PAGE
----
Nonprofit board executive committees: useful historical constructs or, for the most part, bad idea? There's actually no documented research or evidence that states how good or bad, effective or ineffective are nonprofit board executive committees. But there are a lot of reports, particularly from execs and board members. So, while not a best practice, I have formed my own opinion that exec committees leave much to be desired. In general, while I recognize that they could contribute in setting the board meeting agenda, serving as a kind-of business advisory team to the exec, and possibly leading the annual exec performance review, all of these tasks can be handled equally well through other avenues.
But more popular advice about exec committees is represented by this Tallahassee News, nonprofit exec/consultant who has shared some thoughts on the topic.
• The Executive Committee has the right to have executive session and ask the Executive Director to leave the room or not attend. Be respectful and notify the Executive Director in advance you are meeting or will be asking them to leave at a certain point and why. If Board members feel like they must sneak around to meet because of suspicions about the ED then there are problems to deal with. Immediately.
I suppose, if the by-laws say so, that this is true (that the exec committee has a right to have an executive session). I think however that it is more true, again if sanctioned by the by-laws, that it is the full board that can have an executive session (discussion without staff) and I would encourage boards to actually schedule 10-15 minutes every meeting for this purpose. This is THE opportunity for the board to lead itself and were there any reason not to include staff, this would be the opportunity. I'm otherwise unclear at all why the exec committee would have an executive session.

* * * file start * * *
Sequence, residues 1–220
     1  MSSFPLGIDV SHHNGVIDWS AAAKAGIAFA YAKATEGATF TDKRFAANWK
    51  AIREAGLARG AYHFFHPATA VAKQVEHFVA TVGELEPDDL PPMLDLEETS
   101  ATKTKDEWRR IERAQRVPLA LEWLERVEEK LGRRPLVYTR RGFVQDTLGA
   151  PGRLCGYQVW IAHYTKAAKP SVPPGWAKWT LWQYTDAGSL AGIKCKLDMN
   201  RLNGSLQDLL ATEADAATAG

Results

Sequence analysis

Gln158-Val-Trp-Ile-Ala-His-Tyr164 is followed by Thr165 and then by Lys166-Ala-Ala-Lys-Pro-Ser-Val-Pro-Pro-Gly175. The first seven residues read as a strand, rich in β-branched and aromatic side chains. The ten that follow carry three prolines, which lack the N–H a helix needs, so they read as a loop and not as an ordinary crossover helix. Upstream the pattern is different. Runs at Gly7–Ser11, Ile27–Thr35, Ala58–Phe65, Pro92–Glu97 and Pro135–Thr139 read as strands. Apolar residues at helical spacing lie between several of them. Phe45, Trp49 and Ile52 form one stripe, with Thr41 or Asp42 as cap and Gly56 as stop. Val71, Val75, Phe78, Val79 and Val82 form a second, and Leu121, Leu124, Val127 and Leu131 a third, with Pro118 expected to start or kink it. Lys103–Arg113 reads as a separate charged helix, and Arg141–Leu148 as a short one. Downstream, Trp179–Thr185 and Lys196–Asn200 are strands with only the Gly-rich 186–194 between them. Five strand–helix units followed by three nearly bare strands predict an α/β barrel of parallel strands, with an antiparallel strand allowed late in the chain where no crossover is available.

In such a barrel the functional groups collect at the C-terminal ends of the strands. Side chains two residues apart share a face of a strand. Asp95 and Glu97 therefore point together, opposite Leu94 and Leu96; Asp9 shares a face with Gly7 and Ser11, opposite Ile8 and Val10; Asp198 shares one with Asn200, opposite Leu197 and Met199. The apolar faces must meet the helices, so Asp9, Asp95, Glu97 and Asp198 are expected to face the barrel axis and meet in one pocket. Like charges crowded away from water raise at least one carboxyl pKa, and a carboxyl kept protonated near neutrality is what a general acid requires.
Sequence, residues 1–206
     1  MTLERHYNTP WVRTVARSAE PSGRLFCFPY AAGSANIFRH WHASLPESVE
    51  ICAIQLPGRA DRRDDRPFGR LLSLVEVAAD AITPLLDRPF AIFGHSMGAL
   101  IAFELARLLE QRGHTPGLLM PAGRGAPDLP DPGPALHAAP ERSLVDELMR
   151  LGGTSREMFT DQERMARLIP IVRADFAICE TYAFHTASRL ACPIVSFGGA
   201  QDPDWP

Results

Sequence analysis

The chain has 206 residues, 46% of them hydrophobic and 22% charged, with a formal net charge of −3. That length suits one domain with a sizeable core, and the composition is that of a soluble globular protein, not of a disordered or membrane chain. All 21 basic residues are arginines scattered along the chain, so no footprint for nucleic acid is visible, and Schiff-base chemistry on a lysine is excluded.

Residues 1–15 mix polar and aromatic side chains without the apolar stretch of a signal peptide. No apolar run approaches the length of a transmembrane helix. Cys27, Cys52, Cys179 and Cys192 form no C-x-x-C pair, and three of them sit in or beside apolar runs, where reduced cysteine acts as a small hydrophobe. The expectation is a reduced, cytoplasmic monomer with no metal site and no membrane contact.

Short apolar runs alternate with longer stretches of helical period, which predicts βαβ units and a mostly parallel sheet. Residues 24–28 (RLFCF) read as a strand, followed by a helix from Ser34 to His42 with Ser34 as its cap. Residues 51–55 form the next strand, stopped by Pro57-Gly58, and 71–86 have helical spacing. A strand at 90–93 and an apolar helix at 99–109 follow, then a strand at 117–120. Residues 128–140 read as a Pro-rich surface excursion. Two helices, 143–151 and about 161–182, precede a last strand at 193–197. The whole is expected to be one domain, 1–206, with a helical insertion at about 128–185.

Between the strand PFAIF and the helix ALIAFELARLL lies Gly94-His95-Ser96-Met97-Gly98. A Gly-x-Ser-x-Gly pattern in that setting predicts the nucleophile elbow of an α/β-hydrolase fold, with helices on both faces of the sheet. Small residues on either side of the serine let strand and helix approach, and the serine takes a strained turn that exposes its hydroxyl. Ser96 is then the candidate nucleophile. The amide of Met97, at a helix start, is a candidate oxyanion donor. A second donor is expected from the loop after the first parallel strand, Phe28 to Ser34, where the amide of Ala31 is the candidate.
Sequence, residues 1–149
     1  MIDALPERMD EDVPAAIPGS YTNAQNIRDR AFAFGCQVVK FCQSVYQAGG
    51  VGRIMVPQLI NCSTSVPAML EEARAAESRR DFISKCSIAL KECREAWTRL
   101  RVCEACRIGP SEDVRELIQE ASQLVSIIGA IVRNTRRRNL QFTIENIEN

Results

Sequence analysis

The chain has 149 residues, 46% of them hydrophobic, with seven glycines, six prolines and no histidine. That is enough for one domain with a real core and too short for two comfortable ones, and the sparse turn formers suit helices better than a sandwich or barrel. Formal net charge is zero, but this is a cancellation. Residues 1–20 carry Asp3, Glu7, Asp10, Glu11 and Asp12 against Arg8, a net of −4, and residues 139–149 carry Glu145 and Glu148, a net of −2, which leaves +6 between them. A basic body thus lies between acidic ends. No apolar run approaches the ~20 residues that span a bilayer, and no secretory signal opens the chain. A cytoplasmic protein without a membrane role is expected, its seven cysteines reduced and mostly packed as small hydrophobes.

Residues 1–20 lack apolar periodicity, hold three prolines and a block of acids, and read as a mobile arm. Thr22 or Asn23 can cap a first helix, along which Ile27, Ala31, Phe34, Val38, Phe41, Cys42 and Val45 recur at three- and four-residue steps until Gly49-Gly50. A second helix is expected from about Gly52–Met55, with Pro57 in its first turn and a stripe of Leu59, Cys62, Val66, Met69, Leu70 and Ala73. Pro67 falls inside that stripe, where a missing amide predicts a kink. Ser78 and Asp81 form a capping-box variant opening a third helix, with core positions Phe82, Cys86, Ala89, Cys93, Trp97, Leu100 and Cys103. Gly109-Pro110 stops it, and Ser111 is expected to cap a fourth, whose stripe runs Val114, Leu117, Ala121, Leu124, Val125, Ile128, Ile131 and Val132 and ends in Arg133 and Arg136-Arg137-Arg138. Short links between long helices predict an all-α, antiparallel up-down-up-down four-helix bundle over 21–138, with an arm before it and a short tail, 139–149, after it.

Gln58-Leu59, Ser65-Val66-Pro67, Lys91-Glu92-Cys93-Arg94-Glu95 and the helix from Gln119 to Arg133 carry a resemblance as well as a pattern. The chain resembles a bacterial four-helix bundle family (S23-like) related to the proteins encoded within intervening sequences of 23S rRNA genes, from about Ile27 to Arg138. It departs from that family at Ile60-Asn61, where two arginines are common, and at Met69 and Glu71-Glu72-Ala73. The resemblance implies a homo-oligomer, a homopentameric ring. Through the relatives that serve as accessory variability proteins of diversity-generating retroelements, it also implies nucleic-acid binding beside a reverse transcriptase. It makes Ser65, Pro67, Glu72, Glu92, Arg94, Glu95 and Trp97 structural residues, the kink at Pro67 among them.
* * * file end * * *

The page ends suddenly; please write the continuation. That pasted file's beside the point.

• Most Boards give the Executive Committees, per the bylaws, the authority to act on their behalf between board meetings. The Executive Committee should use this primarily for urgent issues. Be cautious about how often you exercise this right since it means a small number of board members are making decisions yet the full board retains liability and responsibility for them.
The key to disenfranchising or disengaging the board members who are not exec committee members is to have the exec committee make decisions without the rest of the board. I can not honestly think of an occasion when such a moment for an emergency exec committee decision should arise. Such a moment would in my mind be a failure in planning or policy on the part of the full board. Yes the unseen happens but why would this necessitate a meeting of the few if the "it" is that big of a deal? Bad, bad, bad!